Like this, but with teensy arms and bigger teeth.
Instead of a loping, lunging Tyrannosaurus rex, imagine the thunder lizard doing more of a power-walk: the clenched bum, the stiff legs, the whole shebang. Pretty evocative mental image, right? For that, you have a recent presentation at the Society of Vertebrate Paleontology meeting to thank. Dinosaur gaits are right up there with "how did flight evolve?" and "what makes us human?" on the list of fascinating, but intangible, things scientists wish we understood, and this particular scientist, Heinrich Mallison, a palaeontologist at the Museum of Natural History in Berlin, was leveling a criticism at traditional efforts to figure out how dinosaurs perambulated. Basically, he says that dinosaurs had such big butts that our usual method of comparing dinosaurs to small-cheeked modern animals is doomed to failure. Dinosaurs, unfortunately, are not available for gait analysis today, and scientists have to depend on rare sets of tracks preserved in mud to study their movement. They usually assume that the faster a dinosaur is going, the longer their stride, which is how it works with modern animals, and most estimates find that dinosaurs, despite our sense of them as speedy predators, would have topped out at about 27 mph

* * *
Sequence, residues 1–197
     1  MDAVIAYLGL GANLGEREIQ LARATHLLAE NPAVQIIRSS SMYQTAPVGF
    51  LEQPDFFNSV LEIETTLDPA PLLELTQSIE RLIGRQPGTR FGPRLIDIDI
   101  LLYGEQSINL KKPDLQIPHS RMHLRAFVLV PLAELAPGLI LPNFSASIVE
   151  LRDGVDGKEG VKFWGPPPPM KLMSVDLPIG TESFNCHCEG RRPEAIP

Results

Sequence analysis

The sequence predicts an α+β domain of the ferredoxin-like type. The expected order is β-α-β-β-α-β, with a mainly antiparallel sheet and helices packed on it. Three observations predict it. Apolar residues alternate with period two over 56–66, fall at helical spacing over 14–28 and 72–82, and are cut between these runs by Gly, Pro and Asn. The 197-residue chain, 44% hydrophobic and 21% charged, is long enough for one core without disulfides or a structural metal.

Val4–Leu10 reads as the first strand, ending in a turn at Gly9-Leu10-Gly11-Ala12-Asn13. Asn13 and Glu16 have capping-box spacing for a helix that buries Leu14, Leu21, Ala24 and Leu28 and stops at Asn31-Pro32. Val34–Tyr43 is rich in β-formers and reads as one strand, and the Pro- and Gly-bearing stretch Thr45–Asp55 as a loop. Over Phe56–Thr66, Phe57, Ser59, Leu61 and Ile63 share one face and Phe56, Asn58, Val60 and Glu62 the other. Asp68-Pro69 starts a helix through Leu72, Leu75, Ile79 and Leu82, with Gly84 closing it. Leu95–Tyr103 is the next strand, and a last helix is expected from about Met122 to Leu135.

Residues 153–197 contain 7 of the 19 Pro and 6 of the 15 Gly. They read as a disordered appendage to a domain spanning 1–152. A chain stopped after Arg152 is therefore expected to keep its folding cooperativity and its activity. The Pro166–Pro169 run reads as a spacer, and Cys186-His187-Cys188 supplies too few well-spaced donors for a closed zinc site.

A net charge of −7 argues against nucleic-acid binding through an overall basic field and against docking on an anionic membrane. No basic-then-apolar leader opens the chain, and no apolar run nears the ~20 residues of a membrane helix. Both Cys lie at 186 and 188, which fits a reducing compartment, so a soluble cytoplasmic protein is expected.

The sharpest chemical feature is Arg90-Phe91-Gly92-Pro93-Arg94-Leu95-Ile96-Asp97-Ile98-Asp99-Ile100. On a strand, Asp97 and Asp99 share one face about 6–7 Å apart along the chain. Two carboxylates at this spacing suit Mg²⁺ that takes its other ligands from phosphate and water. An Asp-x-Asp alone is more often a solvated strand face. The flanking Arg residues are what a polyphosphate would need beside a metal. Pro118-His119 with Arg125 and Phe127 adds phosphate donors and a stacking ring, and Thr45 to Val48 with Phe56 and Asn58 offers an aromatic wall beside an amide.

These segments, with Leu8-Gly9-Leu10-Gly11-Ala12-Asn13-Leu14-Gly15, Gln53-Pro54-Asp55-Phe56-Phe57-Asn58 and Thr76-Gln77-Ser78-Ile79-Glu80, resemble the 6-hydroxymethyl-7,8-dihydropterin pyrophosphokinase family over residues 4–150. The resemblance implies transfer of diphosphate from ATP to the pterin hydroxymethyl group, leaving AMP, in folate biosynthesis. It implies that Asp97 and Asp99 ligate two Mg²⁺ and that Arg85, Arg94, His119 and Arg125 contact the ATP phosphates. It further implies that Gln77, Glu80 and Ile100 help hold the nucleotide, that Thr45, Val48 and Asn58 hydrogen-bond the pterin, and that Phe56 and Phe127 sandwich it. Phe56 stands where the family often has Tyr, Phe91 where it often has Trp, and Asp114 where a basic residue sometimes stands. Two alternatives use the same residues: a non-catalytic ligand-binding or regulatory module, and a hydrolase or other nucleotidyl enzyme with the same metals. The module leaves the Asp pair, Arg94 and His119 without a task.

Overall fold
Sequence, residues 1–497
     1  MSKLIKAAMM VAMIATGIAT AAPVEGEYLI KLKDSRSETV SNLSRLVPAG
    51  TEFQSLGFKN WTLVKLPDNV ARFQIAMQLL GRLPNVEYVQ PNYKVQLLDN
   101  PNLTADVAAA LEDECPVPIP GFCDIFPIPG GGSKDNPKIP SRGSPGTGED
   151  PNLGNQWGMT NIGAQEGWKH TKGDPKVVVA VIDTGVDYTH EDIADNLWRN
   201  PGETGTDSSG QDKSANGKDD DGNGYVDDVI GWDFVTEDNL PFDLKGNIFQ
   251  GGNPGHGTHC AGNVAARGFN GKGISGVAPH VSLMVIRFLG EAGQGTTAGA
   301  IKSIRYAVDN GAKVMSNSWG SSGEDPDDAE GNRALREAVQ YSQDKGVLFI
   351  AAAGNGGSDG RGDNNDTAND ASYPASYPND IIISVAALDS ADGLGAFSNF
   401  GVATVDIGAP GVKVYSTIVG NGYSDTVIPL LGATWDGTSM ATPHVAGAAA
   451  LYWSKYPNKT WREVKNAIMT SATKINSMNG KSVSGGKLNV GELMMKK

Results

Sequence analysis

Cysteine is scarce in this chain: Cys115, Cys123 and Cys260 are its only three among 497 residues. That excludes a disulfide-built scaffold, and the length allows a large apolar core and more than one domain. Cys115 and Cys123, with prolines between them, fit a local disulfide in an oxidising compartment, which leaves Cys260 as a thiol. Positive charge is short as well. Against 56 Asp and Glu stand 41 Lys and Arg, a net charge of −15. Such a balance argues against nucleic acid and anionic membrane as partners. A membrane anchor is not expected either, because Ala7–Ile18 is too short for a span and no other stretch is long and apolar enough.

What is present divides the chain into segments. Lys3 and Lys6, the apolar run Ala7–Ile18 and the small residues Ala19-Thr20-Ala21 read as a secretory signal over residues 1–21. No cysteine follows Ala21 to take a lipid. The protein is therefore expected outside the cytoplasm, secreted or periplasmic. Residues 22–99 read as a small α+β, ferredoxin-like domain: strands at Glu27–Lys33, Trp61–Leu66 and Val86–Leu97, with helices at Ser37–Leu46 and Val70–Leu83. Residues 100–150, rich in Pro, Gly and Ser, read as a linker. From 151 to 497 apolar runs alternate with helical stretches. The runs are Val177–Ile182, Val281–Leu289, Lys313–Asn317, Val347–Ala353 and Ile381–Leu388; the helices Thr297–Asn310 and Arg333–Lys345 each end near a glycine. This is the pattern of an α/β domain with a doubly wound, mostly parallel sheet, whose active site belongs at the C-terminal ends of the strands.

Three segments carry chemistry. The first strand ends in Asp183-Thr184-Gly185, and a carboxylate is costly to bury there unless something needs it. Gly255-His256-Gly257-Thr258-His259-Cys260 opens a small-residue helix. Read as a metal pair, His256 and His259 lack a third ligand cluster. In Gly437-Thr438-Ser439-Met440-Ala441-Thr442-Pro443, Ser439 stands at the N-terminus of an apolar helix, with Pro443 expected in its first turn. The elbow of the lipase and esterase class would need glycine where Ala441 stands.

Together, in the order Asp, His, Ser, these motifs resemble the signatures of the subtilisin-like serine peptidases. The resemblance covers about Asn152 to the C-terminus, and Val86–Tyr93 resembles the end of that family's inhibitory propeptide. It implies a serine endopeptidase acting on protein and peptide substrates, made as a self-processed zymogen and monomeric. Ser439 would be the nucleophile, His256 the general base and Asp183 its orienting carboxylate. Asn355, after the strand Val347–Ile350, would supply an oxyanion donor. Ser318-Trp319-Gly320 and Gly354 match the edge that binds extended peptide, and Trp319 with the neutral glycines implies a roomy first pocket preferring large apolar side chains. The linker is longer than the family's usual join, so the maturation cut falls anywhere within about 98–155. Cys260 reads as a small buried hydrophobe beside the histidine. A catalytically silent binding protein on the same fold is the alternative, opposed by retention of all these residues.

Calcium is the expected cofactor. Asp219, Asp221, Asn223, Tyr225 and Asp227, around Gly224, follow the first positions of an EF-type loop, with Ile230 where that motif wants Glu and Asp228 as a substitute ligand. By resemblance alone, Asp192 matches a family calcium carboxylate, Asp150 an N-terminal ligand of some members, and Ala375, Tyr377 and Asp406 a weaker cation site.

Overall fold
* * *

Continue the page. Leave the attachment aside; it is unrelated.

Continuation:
. Another way scientists look at the problem is to examine the marks muscles left on dinosaurs' bones and the way muscles are laid out in their closest living relatives, aka birds, to develop a biomechanical model of how they might have moved. One analysis of this sort, published in 2002, curtailed dinosaurs' top speed even more, arguing that T. rex could not have run faster than a human, because of its extremely weak ankles. Mallison's biomechanical analysis has found that despite their ankles, T. rex could have gone quite fast (though the Nature News writeup
doesn't say how fast), not by running, but by speed-walking. Their large buttocks would have made that kind of gait possible
, even though running was out of the question, due to the constraints of their skeletons. There's a lot of fuzziness in even the most detailed and labor-intensive attempts to reconstruct dinosaur movement, so this is by no means turning the present understanding on its head (the research is also not published yet). But thank you, Heinrich, for that picture of dino heinies.
Image courtesy of klohka / istockphoto